Wednesday, 16 September 2020

Aos Dara/Umha Aois Symposium 2020 Part II

I started writing about the Aos Dara/Umha Aois combined symposium, in which I was a participant, last week. Details of the symposium and my preparations for work can be found in that blog here. As I had the paper prepared with graphite already, I began drawing with my trusty Staedtler eraser, as per my proposal. I was glad to have some green graphite, because after being in Tomnafinnoge wood, I did not want to limit myself to dark, grey works. However, I was  very pleased with this drawing and the subtlety of the green graphite on the tree worked. I did several other drawings on graphite, which I was not happy with, so of course, I am not showing them! (They'll be binned soon enough.)

My original intention, when preparing several sheets of paper with black acrylic, was to paint images in white only. However, as I mentioned last week, the colour of the forest so impressed me that I didn't think such a minimalist approach would work. I really liked that image of the lightning tree and got out my oilsticks to do more justice to the colourful tree.

When I make collages I tend to tear the paper into shape rather than cut. This facilitates a certain amount of unexpected results in the intended shapes as well a beautiful deckled edge, showing off the original colour of the paper (in this case, a creamy white).

Another image that I repeatedly used as inspiration, was that of the small mushrooms which could be seen in networks growing from mossy, fallen tree limbs, and I even spotted a circular Faerie Ring of small mushrooms. While I definitely did not think my graphite, and black & white acrylic drawing experiments with mushrooms actually worked, the jury is still out on the collage.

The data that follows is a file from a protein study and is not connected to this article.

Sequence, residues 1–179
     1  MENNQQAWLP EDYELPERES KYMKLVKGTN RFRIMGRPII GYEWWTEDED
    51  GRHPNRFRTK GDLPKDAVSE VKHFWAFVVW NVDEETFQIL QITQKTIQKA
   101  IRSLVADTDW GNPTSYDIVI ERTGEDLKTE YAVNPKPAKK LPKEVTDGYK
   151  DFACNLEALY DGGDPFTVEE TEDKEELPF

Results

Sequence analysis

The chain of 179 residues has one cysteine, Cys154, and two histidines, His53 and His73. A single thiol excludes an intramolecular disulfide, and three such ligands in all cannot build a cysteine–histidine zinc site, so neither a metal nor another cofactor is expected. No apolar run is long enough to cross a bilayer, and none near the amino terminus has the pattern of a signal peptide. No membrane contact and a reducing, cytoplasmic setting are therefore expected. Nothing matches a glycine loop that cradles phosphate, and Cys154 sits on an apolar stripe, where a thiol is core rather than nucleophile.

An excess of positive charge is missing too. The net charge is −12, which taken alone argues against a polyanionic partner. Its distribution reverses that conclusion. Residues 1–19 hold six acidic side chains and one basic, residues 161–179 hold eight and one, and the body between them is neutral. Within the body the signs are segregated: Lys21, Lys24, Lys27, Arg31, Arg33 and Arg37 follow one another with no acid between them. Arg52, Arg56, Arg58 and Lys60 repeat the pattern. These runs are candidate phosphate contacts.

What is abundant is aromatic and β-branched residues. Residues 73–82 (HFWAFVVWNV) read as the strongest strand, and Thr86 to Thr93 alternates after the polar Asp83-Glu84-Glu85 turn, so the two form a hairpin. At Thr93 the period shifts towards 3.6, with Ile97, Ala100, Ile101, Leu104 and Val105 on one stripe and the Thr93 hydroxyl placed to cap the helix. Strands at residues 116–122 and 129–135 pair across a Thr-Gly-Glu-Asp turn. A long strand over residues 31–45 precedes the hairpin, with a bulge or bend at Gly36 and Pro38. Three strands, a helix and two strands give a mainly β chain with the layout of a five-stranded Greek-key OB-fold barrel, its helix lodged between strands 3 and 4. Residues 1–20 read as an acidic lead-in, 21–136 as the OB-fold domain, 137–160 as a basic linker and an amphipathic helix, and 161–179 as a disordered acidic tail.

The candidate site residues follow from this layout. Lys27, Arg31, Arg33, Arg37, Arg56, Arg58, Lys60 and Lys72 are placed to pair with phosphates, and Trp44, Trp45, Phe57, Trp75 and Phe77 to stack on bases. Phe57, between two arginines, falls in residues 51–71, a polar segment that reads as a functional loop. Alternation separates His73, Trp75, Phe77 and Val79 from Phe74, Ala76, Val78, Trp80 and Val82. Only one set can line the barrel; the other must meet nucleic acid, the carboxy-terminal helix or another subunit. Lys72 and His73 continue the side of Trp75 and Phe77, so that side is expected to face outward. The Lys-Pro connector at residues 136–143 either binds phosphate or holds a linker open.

The acrylic collage that I thought worked best was Saplings. I had experimented with this image several times in other media, with always problematic results, yet I kept on working on it as I really liked the image of trees and ferns that could be seen at one of the forest entrances.

I was guaranteed that one piece would be displayed in the group exhibition, but I chose two to frame as I couldn't decide whether I preferred the sombre Lightning Tree or

the colourful Saplings. I brought both of them to the gallery and said they could choose either. Happily both pieces will be in the group exhibition that launches on Culture Night 2020.

Wednesday, 9 September 2020

Aos Dara/Umha Aois Symposium 2020 Part I

I wrote about having my proposal accepted for this year's Aos Dara/Umha Aos combined symposium here and included some of my preparations. I saw last year's work, which I blogged about here reviewed for CIRCA Magazine here. Tomnafinnoge Wood is really beautiful! It is an old oak forest with two rivers and several paths from which to explore it.

My intention was to explore different media and while I had prepared graphite and acrylic pages in advance to work on, while I was at Tomnafinnoge Wood, I did some bark rubbings.

 I thought I might use them in planned collages, and though I didn't, they got me into the mood!

I also collected some oak leaves while I was at the forest and printed from them directly when I got home.

Using my watercolour pencils, I did some sketches from the numerous research photos I had taken during my day in the woods. There were some very strange looking mushrooms growing on trees!

There were lots of smaller mushrooms at ground level too, on fallen, mossy tree limbs, and I even found a quite large Faerie Ring, which neither me or my companions dared to trespass in! I did especially like these mycelial networks and wanted to work more with the image. I'll report more on this in next week's blog.